a Cash Flow Statement
If you want to finance your major purchase or project with a
bank loan, your lender is likely to want to see a cash
flow budget showing the effect of the project on your
revenues, and proving that you can make the anticipated loan
Even if you're not financing the purchase, you should
consider creating such a budget (or, more likely, having your
accountant do it for you). It's a way of systematically
comparing the costs and financial benefits of your project over
a period of time, and will enable you to get a good handle on
how the project will affect your business. If done correctly for
each project you consider, cash flow budgets should also point
out projects that are financially unfeasible or only marginally
feasible, thus saving you the trouble of finding that out the
Your cash flow projection should show estimated cash inflows
and outflows for the project, by month, for at least the first
year. As a starting point you can use the cash
flow projections you've already done for your business,
simply adding in the changes that you expect the project to
bring. Then you can compare your original statement (without the
project) to your new statement (with the project), to gauge the
likely results of moving forward with your plans.
Included among the Business Tools
cash flow budget worksheet. The worksheet is
an Excel 4.0 template that can be used in Excel
4.0 or higher. Because it's a template, you can
use the worksheet over and over again and still
retain an original copy of it.
The worksheet is set up to be used for
projecting your cash flow for six months at a
time. We've formatted the worksheet and put in
most of the cash inflow and outflow categories
for you. All you have to do is put in your
numbers and print it.
Once you've downloaded the worksheet, feel
free to modify it to fit your own needs. Enjoy!
Ideally, you would also do a simplified projection that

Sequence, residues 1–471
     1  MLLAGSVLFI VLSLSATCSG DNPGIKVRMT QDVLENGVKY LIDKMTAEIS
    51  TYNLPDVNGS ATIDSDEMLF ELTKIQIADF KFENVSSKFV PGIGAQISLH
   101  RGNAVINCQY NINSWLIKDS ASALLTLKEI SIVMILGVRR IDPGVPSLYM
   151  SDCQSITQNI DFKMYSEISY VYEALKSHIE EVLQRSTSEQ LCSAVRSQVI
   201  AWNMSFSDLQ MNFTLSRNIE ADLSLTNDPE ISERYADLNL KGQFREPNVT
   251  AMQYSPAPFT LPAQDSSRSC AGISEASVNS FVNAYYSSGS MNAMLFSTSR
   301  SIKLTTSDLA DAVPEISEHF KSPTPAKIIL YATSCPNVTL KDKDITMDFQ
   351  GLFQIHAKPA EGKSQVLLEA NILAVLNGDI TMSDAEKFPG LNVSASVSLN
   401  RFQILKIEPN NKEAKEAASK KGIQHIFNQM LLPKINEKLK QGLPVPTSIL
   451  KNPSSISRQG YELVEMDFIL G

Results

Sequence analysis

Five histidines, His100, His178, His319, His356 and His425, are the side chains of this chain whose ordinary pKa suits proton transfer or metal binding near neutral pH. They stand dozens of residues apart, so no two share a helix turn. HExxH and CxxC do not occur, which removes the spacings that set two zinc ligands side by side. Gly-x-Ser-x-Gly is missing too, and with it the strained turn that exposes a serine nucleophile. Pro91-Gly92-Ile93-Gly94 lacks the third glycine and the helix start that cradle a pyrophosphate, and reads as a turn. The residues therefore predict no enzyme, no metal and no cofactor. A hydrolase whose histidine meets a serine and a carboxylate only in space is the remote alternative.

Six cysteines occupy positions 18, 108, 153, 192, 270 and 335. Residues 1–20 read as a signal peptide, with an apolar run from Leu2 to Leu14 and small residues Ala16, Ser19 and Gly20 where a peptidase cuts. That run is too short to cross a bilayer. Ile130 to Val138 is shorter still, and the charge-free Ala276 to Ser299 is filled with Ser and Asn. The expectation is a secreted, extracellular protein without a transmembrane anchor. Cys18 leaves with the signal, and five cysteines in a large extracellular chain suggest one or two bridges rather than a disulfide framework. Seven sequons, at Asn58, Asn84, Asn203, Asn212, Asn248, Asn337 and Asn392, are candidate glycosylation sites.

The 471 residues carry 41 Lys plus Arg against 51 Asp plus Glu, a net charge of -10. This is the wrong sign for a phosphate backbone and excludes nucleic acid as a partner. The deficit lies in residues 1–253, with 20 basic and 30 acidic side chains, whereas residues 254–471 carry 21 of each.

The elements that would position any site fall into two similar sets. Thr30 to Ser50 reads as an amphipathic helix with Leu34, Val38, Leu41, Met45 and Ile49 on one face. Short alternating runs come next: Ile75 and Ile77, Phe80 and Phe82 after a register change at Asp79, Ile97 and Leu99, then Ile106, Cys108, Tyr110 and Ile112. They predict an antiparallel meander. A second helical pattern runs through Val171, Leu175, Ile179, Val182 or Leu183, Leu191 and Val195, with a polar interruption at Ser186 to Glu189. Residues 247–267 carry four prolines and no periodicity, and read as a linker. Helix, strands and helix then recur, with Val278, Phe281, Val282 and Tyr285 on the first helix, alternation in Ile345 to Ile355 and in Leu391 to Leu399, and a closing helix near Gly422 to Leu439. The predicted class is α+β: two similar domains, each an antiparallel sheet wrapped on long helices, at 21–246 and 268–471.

extends for the length of the asset's useful life, or at least
for the length of the loan or lease used to finance it. You
might also like to project your cash flow out to the date when
the project's costs will be paid
back by the benefits it generates.
Recognize, however, that the farther out in time you go, the
less certain your figures will be, because of the increased
chances that there will be unexpected changes in interest rates,
technological developments, consumer tastes and habits, or other
factors that can affect your business.
At this point, your simplified, long-range cash flow
projection for the project should include only those inflows and
outflows that are directly related to the project itself. Don't
include overhead costs that you would have regardless of whether
you did the project or not.
Example of a simplified cash flow projection. For
example, let's say that you are thinking of purchasing a new
machine that will allow you to offer a new product to your
customers. The machine will cost $100,000 to purchase and
install, and after five years (when you plan to sell it) the
machine will be worth about $10,000. Your facility has plenty of
room, so you won't have any additional rental costs for space,
and you can piggyback advertising for the new product on to your
existing advertising budget. You will, however, have to pay for
insurance, personal property taxes, and a part-time employee to
operate the machinery (these items are included in your fixed
costs which will total $12,000 in the first year). Also, there
will be costs for materials, supplies, and electricity that will
vary depending on the volume of production. These variable costs
will amount to about 60 percent of the sales revenues.
The following is a simplified example of a projected cash
flow statement for the project:
|Gain/Loss - Equip. Sale
|Add Back Depreciation
|Asset Purchase Salvage
|Net Cash Flow
The table makes a number of assumptions:
- The average price of the product will increase by 5
percent a year, while the volume sold will increase by 15
percent a year.
- Depreciation is computed using the IRS's tables for 7-year
property, using the half-year convention under MACRS. Tax
depreciation is used because it affects the outflow of cash
in the form of tax payments.
- Fixed costs will increase by an inflation factor of 5
percent a year.
- The tax rate is calculated at 34 percent.
Once you've created a projected cash flow statement for your
project, you can use some financial
analysis tools to see whether the project makes sense for